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A previous blog revelled in the linguistic joy to be found in eggcorns and mondegreens, which are misheard homophones that can become cemented in standard speech, sometimes even displacing the original correct form. A classic example is “dull… Read More
If you are anything like me, you spend October and November planning to be super organised about Christmas shopping then some kind of time warp occurs, and suddenly there are only days to go. With last-minute purchasing in mind, here is a round up of new books about language that should be popular with any linguists .
Word Perfect: Etymological Entertainment Every Day by Susie Dent
(October 2021, John Murray Press)
Susie Dent is a reliable source of linguist delight and certainly Britain’s best-known lexicographer thanks to her slot in ‘Dictionary Corner’ on Channel 4’s Countdown. Word Perfect was published last year, but the paperback edition is just out and has given the publisher a chance to fix the embarrassing typographic errors that blighted the first edition, causing Susie Dent to resort to lalochezia, ‘the use of swearing to alleviate stress’.
The Wordhord: Daily Life in Old English by Hana Videen
(November 2021, Profile Books)
‘A wonderful book heaving with linguistic treasure’, says Edward Brooke-Hitching of this collection of words from Old English, which combines lexical curiosities with insights into early medieval life. The book gets its title from Old English wordhord, meaning ‘the collection of words and phrases that a poet may draw upon while crafting tales’. This was the first word tweeted by the author in her Old English Word of the Day project, which you can follow on Twitter.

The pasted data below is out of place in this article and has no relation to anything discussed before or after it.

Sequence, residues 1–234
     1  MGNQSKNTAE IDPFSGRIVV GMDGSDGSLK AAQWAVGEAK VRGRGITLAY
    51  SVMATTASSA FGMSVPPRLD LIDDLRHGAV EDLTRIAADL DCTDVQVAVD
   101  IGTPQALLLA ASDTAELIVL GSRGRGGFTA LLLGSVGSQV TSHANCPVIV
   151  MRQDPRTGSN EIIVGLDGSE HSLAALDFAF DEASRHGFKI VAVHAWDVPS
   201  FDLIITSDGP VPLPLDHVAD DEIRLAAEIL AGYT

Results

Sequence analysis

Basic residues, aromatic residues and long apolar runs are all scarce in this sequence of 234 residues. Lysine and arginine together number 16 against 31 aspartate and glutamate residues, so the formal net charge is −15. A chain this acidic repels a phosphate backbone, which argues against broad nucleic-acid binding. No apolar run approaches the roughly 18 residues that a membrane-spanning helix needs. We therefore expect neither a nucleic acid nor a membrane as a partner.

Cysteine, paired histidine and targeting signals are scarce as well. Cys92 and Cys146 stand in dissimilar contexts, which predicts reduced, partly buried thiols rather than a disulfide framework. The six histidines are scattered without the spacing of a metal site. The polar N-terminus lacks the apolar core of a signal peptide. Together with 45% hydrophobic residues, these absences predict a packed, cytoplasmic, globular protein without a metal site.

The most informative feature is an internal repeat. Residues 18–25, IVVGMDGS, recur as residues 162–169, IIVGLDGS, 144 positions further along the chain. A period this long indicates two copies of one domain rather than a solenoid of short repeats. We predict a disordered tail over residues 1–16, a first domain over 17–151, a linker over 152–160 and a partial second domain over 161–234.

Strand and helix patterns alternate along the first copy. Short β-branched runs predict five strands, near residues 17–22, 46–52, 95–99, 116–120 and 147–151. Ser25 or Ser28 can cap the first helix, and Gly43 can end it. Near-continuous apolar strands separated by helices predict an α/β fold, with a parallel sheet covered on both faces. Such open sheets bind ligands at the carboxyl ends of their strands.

The Dictionary of Obscure Sorrows by John Koenig
(December 2021, Simon and Schuster)
In their wisdom, the publishers are releasing this book on December 23rd, which is cutting it fine even for the least organised Christmas shopper but maybe that can add to the excitement. The book owes its origins to a Tumblr project over a decade ago, and has since evolved into a website, YouTube channel and a TED talk. Koenig coins neologisms for emotions that lack a descriptive term, offering ‘linguistic plugs for the lacunae of everyday expression’, as Eley Williams writes in The Guardian.
The Language of Thieves: The Story of Rotwelsch and One Family’s Secret History by Martin Puchner
(January 2021, Granta Books)
Rotwelsch is a secret language based on a mix of Yiddish, Hebrew and German, spoken by itinerant communities in Central Europe from the Middle Ages onwards. The language was used as a form of code, often in signs on trees, allowing travellers to warn each other about aggressive policemen and other hazards. In this book Puchner tracks the history of the language and confronts his own family’s buried connections to the Nazi Party. (Find out how the English phrase “in a pickle” can be traced back to Rotwelsch here).
The Illustrated Etymologicon: A Circular Stroll Through the Hidden Connections of the English Language by Mark Forsyth
(November 2021, Icon Books)
As the author confesses, ‘Occasionally people make the mistake of asking me where a word comes from. They never make this mistake twice’. If this sounds like someone you know, this book is guaranteed to keep them entertained over Christmas. Although there is a serious risk they will insist on exclaiming “Wow, did you know … “, before quoting extensive sections.
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